Determining the End Behavior of a Function

How do you determine the end behavior of a function?  And, what does this mean?

When looking at a graph, the “end behavior” is referring to what is happening all the way to the far left of the graph and all the way to the far right of the graph.  Your goal is to analyze the y-value (height) of the function when x is really large and negative, and then again when x is really large and positive.  What is the pattern on each end?  What is the “end behavior”?

Notationally, we are thinking:

  1. As x → -∞, y → ?
  2. As x → +∞, y → ?

OK, so let’s try this on a polynomial example:

Q:  What is the end behavior of the function y=5x3+7x2-2x-1

A:  OK.  Let’s look at the left end behavior first:

As  x approaches -∞, what is the function (y-value) doing?

Imagine x=-1000000 (some super large and super negative number, like the idea of -∞), we have:

y=5(-1000000)3+7(-1000000)2-2(-1000000)-1

Don’t do the actual math.  Just think:

Is this number large or small?

Is it positive or negative?

I can look at the x3 term and see that it dominates this function. x2 and x are small peanuts compared to x3. So, in reaity, in polynomials, I can focus on the term of the largest degree:

y=5(-1000000)3+7(-1000000)2-2(-1000000)-1

y=5(-1000000)3

This number gives y = negative and super large.

So, I can jump to conclusions here…

As x → -∞, y → -∞

(As x approaches negative infinity, y approaches negative infinity).

Now, let’s look at the right end behavior:

As  x approaches +∞, what is the function (y-value) doing?

Imagine x=+1000000 (some super large and super positive number, like the concept of +∞), we have:

y=5(+1000000)3+7(+1000000)2-2(+1000000)-1

And, by the same reasoning, we can focus on the term of largest degree:

y=5(+1000000)3+7(+1000000)2-2(+1000000)-1

y=5(+1000000)3 = super large and super positive

So, as x → +∞, y → +∞

(As x approaches positive infinity, y approaches positive infinity)

Note: in this example, y behavior mimicked x behavior, this isn’t always the case!

Visualizing limits vs values

Look at the function f(x) in orange below:

limit6

We are going to answer 4 questions about this graph.  They are all related to each other, but different questions.  Seeing the difference will help us sort out the difference between a function value and a limit.

Q1:  Find f(1)

Q2:  Find  limx→1 f(x)

Q3:  Find  limx→1+ f(x)

Q4:  Find  limx→1 f(x)

OK….. Try to answer these questions with what you know… Then continue reading to see the answers and explanations!

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Basic concept of a limit

Here is a brief example on the concept of a limit:

Look at the function f(x) in orange below:

limit1

Question 1.  Find f(3)

Explanation of question 1: Find the value of the function when you plug in 3.  What is the height of the function at the exact moment when x=3?

Answer 1:  The function is undefined at x=3.  There is a hole when x=3.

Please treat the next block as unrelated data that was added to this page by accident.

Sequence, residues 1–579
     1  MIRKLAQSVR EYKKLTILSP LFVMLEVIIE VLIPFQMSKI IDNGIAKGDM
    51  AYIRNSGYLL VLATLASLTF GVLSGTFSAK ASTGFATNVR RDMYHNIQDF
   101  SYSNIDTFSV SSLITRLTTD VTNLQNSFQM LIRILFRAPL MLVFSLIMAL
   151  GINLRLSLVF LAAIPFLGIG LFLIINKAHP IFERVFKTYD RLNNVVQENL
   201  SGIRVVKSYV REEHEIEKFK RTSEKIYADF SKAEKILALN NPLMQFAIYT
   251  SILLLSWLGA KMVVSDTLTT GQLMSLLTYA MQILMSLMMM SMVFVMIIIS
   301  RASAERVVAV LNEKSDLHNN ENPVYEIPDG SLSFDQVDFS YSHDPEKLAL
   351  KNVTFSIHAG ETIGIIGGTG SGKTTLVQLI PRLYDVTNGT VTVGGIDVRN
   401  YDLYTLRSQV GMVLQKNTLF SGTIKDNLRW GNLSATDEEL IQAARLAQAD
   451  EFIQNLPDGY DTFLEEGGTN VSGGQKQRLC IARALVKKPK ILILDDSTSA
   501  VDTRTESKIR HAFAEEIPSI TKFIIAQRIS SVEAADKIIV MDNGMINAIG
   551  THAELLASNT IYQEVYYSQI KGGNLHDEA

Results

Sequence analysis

So, f(3) is undefined.

Question 2:  Find limx→3f(x)

Explanation of question 2:  We are being asked to find what the function is doing around (but not at) 3.  What is happening to the path of the function on either side of 3?

In order to find limx→3f(x), we must confirm that limx→3+  f(x) and limx→3–  f(x) both exist and are equal to each other.

So, let’s find limx→3+  f(x).  What is happening to the function values as you approach x=3 from the right-hand side?  Literally run your finger along as if x=4, then x=3.5, then x=3.1.  What value is the function getting closer to?

limit2

The function is approaching a height of 4.

Let’s find limx→3–  f(x).  What is happening to the function values as you approach x=3 from the left-hand side?  Literally run your finger along as if x=1, then x=2, then x=2.9.  What value is the function getting closer to?

limit3

The function is also approaching a height of 4.

So:

limx→3+  f(x) = 4

limx→3–  f(x) = 4

Since, the left-handed limit at 3 and right-handed limit at 3 exist and are equal, this gives:

limx→3f(x) = 4.

So, to summarize, here are 4 different things we found.  They are related, but not necessarily the same:

f(3) is undefined

limx→3+  f(x) = 4

limx→3–  f(x) = 4

limx→3f(x) = 4

Are you ready to try one on your own? Click here! (Don’t worry, I’ll walk you through the solutions too)

Limit Example

Q:  What is limx→2 (x-2)/|x-2|

A:  This question is not too bad if you know what the function (x-2)/|x-2| looks like graphically.  But, let’s say you don’t.

We are going to “talk our way” through this problem to help solidify the concept of a limit.

If you plug in 2 to the function, you are finding the value of the function when x=2.  This is important, and related, though it is not the limit.  This is even sometimes a skill used to help us find the limit, but it is still not the limit.  Sometimes the function value is equal to the function limit, which can also be confusing, but not all the time.  Let’s find the value of the function when x=2:

(2-2)/|2-2| = 0/0 = undefined.

Okay.  This function is undefined when x=2.  This means there is a hole, or an asymptote, or a break or a jump or some disruption in the continuity of the function.

So, let’s talk about the limit of the function as x approaches 2:

To find the limit as x approaches 2, we need to make sure the left-handed limit and the right-handed limit both exist and are equal.

I’m going to start with the right-handed limit (remember, this means we are getting closer and closer to 2 from the top-side).  We are going to do this by clever analysis:

When x=3, we get (3-2)/|3-2| = 1

When x=2.5, we get (2.5-2)/|2.5-2| = 1

When x=2.01, we get (2.01-2)/|2.01-2| = 1

See the pattern here?

When x>2, the function ALWAYS equals 1 (tricky function huh?).

So this tells us about the right-handed limit at 2:

limx→2+ (x-2)/|x-2| = 1

Now, let’s trying the left-handed limit at 2, again by analysis:

When x=1, we get (1-2)/|1-2| = -1

When x=1.5, we get (1.5-2)/|1.5-2| = -1

When x=1.99, we get (1.99-2)/|1.99-2| = -1

Again, a pattern: When x<2, the function ALWAYS equals -1.

This tells us about the left-handed limit at 2:

limx→2- (x-2)/|x-2| = -1